WASHINGTON, DC, May 7, 2013 (ENS) – In her first foreign visit since taking office in February, South Korean President Park Geun-hye joined with President Barack Obama today to declare both governments’ intention to fight climate change.
In a joint news conference at the White House this afternoon, President Obama said, “We agreed to continue the clean energy partnerships that help us to enhance our energy security and address climate change.”
After what President Park called “a heart-to-heart talk, both leaders also agreed to stand firmly against North Korea’s threats of nuclear attacks, while at the same time cooperating on nuclear energy.
“Given the importance of a peaceful nuclear energy industry to South Korea, we recently agreed to extend the existing civilian nuclear agreement between our two countries, but we also emphasized in our discussions the need to continue to work diligently towards a new agreement,” said President Obama.
“As I told the President, I believe that we can find a way to support South Korea’s energy and commercial needs even as we uphold our mutual commitments to prevent nuclear proliferation,” Obama said.
The first female President of South Korea, Park is leader of the conservative Saenuri Party. She is the daughter of Park Chung-hee, who was President of South Korea from 1963 to 1979.
Yesterday, President Park visited Arlington National Cemetery with its memorial to United States’ Korean War veterans. Tonight, she will host a dinner to honor the generation of American veterans who have served in the defense of South Korea. On Wednesday she will address a joint session of Congress.
Stating their determination to combat climate change, the two governments released a joint statement today stating, “The Republic of Korea and the United States share the view that anthropogenic climate change represents a threat to the security and sustainable development of all nations.”
As two of the world’s major economies, and as members of the G20, the Major Economies Forum on Energy and Climate, and the Organization for Economic Cooperation and Development, the two governments said they are “each in a position to carry out significant and concrete action to reduce the threat of climate change and its impacts.”
Both governments are working towards implementing their 2020 mitigation pledges under the United Nations Framework Convention on Climate Change, UNFCCC, by developing low carbon economies.
“Such actions will contribute not only to addressing the challenge of climate change, but also to building a more creative economy that generates new jobs and future growth engines,” the governments stated.
Through its successful bid to host the Green Climate Fund, South Korea “has demonstrated its ambition in assuming a leadership role in addressing climate change, including providing support for and contributing to the GCF,” says the joint statement.
Songdo, Incheon City, was chosen in October as the host city of the Green Climate Fund.
The Green Climate Fund was established to channel support to the developing world to address climate change, and is currently in its set-up period. The Green Climate Fund is expected to be one of a range of funding channels to deliver on the long-term climate finance goal to mobilize US$100 billion annually in climate finance by 2020 from a range of sources, both public and private.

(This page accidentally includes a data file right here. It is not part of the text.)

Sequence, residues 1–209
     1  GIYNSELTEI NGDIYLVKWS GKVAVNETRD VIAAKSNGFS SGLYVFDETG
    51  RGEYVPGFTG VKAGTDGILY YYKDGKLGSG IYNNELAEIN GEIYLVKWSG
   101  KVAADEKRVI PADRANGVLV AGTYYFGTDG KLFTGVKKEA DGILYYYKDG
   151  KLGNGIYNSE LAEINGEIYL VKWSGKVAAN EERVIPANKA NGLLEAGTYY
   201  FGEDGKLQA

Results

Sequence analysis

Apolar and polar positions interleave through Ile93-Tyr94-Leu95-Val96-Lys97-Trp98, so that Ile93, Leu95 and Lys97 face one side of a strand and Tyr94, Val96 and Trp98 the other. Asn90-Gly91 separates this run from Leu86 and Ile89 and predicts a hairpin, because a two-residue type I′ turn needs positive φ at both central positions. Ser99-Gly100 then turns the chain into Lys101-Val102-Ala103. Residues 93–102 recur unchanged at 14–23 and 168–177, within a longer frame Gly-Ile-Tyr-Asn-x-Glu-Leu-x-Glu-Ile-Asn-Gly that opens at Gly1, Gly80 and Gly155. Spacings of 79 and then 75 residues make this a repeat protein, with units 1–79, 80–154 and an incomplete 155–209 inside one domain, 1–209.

The Fund will promote the paradigm shift towards low-emission and climate-resilient development pathways by providing support to developing countries to limit or reduce their greenhouse gas emissions and to adapt to the impacts of climate change.
Both governments agreed to work towards “the early and successful operationalization” of the Green Climate Fund.
In the multilateral context, both countries will continue to pursue a post-2020 agreement that is flexible and applicable to all Parties in the context of the UNFCCC.
“We will also work together in the context of the International Maritime Organization, while respecting each other’s position, to further enhance energy efficiency and therefore reduce greenhouse gas emissions from international shipping,” they stated.
The joint statement highlights the importance of the Major Economies Forum on Energy and Climate and the Clean Energy Ministerial “as complementary venues for dialogue as well as platforms for exploring joint efforts to take concrete actions in major sectors of our economies, with the goal of bending down the global emissions curve.”
In addition, we emphasize the importance of taking action to advance near-term climate change agenda, including through the Climate and Clean Air Coalition to Reduce Short-Lived Climate Pollutants to support the achievement of the ultimate goal of the UNFCCC.
A bilateral dialogue between both countries will be held regularly to exchange views on the climate change negotiations.
The Republic of Korea and the United States are engaged in a wide range of bilateral activities on climate change, particularly in the context of the recently approved 2013-2015 Work Program of the U.S.-Korea Environmental Cooperation Agreement.
Under this agreement, the two governments will intensify cooperation in clean energy research and development, research on climate modeling, workshops on climate risk assessment and adaptation planning, and joint work on the development and adoption of smart grids and energy efficiency technologies that will produce new jobs and markets in this evolving sector.
The two governments said they “will continue to treat climate change as an issue of high priority in the bilateral relationship as we work towards an ambitious and coordinated global response to this serious challenge.”
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